Soccer Season

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[RE-POSTING WITH A FEW EDITS AND A GREAT LINK TO A PSYCHOLOGY TODAY ARTICLE]

Wes insisted on playing soccer this spring.  We’ve done a little bit of soccer here and there – a few camps last summer, fall rec league last October.  But this is our first real touch into the world of SOCCER on Bainbridge Island – BIFC (Bainbridge Island Football Club).  This is their Spring Academy – a fun season of skills and drills and friendlies, so nothing like I hear the fall experiences are like with select teams.

Last Wednesday I went to the first friendly game day.  I wasn’t sure what to expect.  There are 8 teams of boys in the U8 group with 10 boys per team, and 4 teams of girls.  I’m still in awe that this small island can have 120+ kids from 6-8 years old playing soccer (and that doesn’t include the kids playing up in the U10!).  I get why Wes wants to be a part of this – it is an incredibly popular thing to do and the energy is high!

I knew that I’d see many familiar faces at the practices and games, but I didn’t expect to feel the emotion that I did taking all of it in.

I’m still amazed that we’ve lived on Bainbridge Island for 10 years.  We’re in the same house we found on a quick search when our home on Queen Anne sold in a day and we had to find a place fast.  A decade of life here on the island, we have so many friends and connections.

As Wes played soccer on Wednesday, a steady rain fell down on all of us committed parents on the sidelines.  I had Mimi in the stroller and she was on the edge of sleep, so I walked her around the fields of the high school, each being used by a wide range of sports – soccer, baseball, and lacrosse – each field filled with kids working hard and parents supporting them on the sidelines.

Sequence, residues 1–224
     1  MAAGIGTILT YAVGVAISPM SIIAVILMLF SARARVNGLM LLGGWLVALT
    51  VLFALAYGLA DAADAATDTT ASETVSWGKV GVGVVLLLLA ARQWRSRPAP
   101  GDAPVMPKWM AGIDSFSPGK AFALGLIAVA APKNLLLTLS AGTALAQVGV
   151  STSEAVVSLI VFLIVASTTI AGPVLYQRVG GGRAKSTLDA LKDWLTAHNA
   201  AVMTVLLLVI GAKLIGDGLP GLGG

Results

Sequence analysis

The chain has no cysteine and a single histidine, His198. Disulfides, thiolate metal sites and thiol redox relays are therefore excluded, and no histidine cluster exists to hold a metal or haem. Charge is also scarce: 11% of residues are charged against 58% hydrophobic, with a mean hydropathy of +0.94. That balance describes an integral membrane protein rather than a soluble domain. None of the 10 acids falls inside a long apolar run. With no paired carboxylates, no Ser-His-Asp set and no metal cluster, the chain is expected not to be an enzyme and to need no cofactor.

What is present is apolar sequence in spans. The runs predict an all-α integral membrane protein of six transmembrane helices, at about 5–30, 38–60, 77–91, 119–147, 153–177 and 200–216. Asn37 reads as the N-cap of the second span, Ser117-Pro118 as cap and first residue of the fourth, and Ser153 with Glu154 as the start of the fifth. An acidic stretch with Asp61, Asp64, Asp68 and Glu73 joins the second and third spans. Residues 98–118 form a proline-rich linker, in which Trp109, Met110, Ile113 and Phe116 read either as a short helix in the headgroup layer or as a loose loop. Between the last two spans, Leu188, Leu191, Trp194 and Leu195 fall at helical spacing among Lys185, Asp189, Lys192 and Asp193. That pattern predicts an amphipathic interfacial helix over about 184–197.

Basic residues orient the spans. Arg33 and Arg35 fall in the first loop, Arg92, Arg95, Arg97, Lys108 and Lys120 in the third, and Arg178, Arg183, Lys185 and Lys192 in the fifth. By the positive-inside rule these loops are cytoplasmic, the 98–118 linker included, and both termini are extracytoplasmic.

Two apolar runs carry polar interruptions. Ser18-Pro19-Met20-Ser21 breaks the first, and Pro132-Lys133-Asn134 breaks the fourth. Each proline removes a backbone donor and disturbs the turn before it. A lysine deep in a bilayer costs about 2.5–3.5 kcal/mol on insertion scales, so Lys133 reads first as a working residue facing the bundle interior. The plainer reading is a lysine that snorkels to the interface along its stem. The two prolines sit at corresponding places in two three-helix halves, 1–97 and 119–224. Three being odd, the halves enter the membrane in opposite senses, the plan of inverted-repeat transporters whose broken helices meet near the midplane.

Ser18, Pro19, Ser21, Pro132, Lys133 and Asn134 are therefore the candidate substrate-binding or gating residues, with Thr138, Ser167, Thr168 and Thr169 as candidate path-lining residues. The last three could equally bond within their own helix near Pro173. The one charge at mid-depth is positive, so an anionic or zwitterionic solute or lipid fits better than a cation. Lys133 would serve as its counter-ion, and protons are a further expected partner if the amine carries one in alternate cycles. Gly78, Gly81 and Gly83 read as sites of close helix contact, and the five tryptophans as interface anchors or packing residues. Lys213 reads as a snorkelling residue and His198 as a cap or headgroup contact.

A few things struck me as I pushed the stroller in the rain.  One was a sense of gratitude to have found this place – Bainbridge Island.  It is a small little haven, where we have resources like these amazing fields our kids can use to play and run, and where dedicated parents get to connect with each other.

Two, I was in awe of how many people I knew as I strolled – some very well like good friends from my book club, others acquaintances that I have met along the way with Wes or through our lives here on the island or growing up in Kitsap County.  My heart leapt as I saw faces of friends I hadn’t seen in years, and I had fun recalling how we first got to know each other (baking bread on Friday morning at Madrona School, or mommy and me music classes when our big guys playing soccer now were in our arms, etc.).  So many fun, happy memories.

And three, I also felt a sense of dread (maybe I should call it fear) that there is so much pressure on our kids here on Bainbridge to be productive, and be really good at what they are doing.  While we aren’t yet to a place of having to hone in on “what Wes will be?” in terms of athletics or other definers, questions came to me about parenting on Bainbridge.  What if your child just isn’t really good at anything?  What if they struggle physically or socially?  What is they don’t have fun playing sports or other competitive activities?  What if they burn out at a young age because they’ve been too invested too young?  Why is it that if you don’t start digging in and playing now in second grade (or even earlier), you’ve missed your window to be part of the team?   Yikes.  These questions terrify me.

I grew up dancing, and from an early age was in ballet, tap and jazz.  This transitioned to an intense requirement to dance in a local dance company, and by the time I was in junior high, I was at the studio 6 days a week, often until 9:00 at night.  I was joined by a number of girls from a young age that also dedicated themselves to dance.   When I was ten, I asked my mom to let me stop dancing and start playing soccer.  I was told that we had invested too much into dance and that I was too good to quit.